His work ranges from low dollar to high dollar homes. Ganos says half of his work is new construction and the other half is retrofitting existing pools. His work is seen at homes starting at $300,000.
Logsdon works exclusively on new custom, high-end design build projects, primarily homes priced at $750,000 and up. He says demand is huge and growing, although there are too few skilled contractors. The increase in construction costs is helping steer clients toward decorative concrete pool decks.
"The pricing of everything has gone up," Logsdon says. "We've had huge inflation in construction. Many of my high budget clients are looking to value engineer." By saving on one aspect of their project, like using decorative concrete around their pool instead of stone, they have money they can spend elsewhere.
Indoor water parks are a fast-growing market in Northern states. These are either free-standing or part of a hotel. The work is done indoors, which extends the Northern season for decorative concrete work because sprayed-on concrete cannot be applied if it's below 50 degrees F overnight, Coy explains. Although most of their pool work is residential, her company just finished its third commercial pool job in two months and did a 25,000-sq.-ft. water park last winter.
Working with clients
While there are a few micromanaging clients who come with overly specific plans, most people have little idea of what they want in a decorative concrete pool deck. That means they rely heavily on the decorative concrete contractor for input. An educational process is required.
"You give them a brochure and have them look at the website," Coy says. "Since we've gotten our showroom, it's much better since they can see samples and touch and feel them. Then they get it. You have to explain everything."
Logsdon, who is a designer, enjoys brainstorming with his clients and likes passing on credit to them for their input when the job is done, although some still want him to pick everything. "We're about building a lifestyle for their living," he points out.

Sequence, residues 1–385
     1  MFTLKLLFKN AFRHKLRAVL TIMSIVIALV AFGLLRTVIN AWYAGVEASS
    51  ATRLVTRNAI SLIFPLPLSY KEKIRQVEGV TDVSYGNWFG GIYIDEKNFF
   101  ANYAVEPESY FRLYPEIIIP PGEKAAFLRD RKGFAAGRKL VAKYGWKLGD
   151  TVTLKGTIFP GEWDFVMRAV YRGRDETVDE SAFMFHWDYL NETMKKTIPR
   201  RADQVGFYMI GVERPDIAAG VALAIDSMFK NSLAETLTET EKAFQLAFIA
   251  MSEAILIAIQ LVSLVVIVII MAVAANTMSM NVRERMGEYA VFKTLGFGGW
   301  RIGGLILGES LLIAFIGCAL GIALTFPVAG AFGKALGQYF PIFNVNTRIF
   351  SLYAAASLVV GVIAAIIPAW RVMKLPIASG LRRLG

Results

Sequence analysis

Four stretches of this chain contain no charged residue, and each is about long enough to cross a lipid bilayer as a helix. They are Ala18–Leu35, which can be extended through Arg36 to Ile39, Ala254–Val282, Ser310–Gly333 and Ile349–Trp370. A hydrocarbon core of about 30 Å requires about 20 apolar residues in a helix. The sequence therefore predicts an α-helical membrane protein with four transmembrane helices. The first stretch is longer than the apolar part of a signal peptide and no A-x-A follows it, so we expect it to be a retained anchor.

"Early on, people were not willing to experiment with color," says Speach. "They used to stay with the beiges and the whites, but when you start doing pool decks in pinks, blues and greens, they're beautiful." He sees more clients accepting a broader color palette now.
"I try to give them ideas that work from my experience, but they also have to have their own ideas and feel the ownership," says Ganos. "A lot of times I recommend a landscape architect to design the area so they use the space as wisely as possible. The landscape architect can suggest appropriate colors to go with the house and other buildings, as well as things that go well with the pool liner and any tile around the edge."
Concrete contractors looking for a new market might consider decorative concrete pool decks. Logsdon recommends getting good training and starting with small projects. "People get into this business and think it's easy," he says. "You need to stick with it and get good at it, be enthusiastic and believe in what you are doing. And if you screw up, take it out and fix it."
Properly done, the pool area can be one of the focal points of a home or resort. Decorative concrete is a big part of creating that perfect environment. "Any kind of dream can be reality with concrete because we can do anything with it," Ganos says.
Jean Feingold is a Gainesville, Fla.-based writer who frequently covers concrete and other construction-related topics.